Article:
The Mystery of the Vanishing Physicist

A few scientists have questioned whether their work or discoveries have been turned into something which they did not foresee or hoped would never happen. A good example of this was the splitting of the atom. Those like Enrico Fermi hoped that nuclear energy would be used to create a form of new cleaner power that would benefit humankind. However, it was also used to create atomic weapons.

    One such physicist who we know had worrying thoughts about his part in this was an Italian by the name of Ettore Majorana. And he was not just any physicist; his mentor, Fermi himself, described him as a genius in his field. So, what happened to him and why is it still a mystery. His early life showed him to be a child prodigy but also a very shy child. It is said that he was the first to suggest the existence of neutrons but did not publish his work, allowing James Chadwick to later earn a Nobel Prize.

Ettore Majorana

    At the age of thirty-one, he became a professor at the University of Naples. He also became withdrawn with the result that some called him a hermit. He never touched his salary, that is, until he suddenly withdrew it all and took a ship to Palermo. It was a night crossing. A couple of days later he wrote a letter to the Director of the Naples Institute for Physics which bore the undertones of suggesting he was about to commit suicide.

    However, the very next day, he received a second letter from Ettore saying that he regretted the contents of the first letter and would be returning to Naples. So, two days after arriving in Palermo, he set sail once again to return to Naples. He shared a cabin with another professor and this was the last known sighting of him.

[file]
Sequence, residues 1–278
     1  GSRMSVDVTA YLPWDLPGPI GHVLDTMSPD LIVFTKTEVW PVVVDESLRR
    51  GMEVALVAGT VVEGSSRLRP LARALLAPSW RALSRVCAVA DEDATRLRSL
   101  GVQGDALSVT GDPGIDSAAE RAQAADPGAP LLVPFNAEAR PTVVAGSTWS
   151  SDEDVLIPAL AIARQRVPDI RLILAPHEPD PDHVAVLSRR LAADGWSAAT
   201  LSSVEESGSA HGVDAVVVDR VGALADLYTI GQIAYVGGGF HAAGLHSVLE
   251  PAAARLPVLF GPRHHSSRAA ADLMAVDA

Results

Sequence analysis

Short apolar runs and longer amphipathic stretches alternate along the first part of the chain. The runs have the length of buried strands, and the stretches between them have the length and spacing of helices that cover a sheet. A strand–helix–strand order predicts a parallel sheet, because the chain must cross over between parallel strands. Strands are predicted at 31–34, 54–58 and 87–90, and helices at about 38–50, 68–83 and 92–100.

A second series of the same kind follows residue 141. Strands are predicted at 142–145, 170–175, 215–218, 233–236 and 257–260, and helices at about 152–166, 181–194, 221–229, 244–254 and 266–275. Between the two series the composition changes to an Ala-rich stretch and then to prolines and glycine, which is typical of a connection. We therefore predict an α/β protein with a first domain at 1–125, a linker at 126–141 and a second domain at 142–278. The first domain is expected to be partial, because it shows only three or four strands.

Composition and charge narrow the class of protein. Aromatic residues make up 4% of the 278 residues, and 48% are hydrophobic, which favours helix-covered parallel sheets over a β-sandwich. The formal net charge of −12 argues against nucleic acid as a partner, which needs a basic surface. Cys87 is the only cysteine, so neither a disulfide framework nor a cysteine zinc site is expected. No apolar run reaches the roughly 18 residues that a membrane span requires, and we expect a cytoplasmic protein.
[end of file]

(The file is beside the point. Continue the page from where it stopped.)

It is said that a suicide note written to his family was found in his hotel room in Palermo and that he was suffering from the thoughts that nuclear energy was being used to create weapons; a thought which deeply appeared to trouble him. There is another theory given by the Bishop of Trapani who believed Ettore went into retreat in a monastery. This does fit in with a second recollection that a man fitting his description attempted to enter a monastery but was turned away.

    More unlikely theories has him taken by the Soviets and later on by the Nazis to work on their nuclear programmes. A final twist in this tale comes from Valencia in Venezuela where in 2008, Robert Fasani  said Ettore was living their for four years between 1955 and 1959 under the name of Mr Bini. A photograph was obtained of him and a friend of his is supposed to have claimed that he was in fact a famous physicist named Majorana. This new evidence did have the effect of making the Italian police take the decision that foul play could now be ruled out. As regards the photograph, no definite identification was possible. So, the mystery remains.

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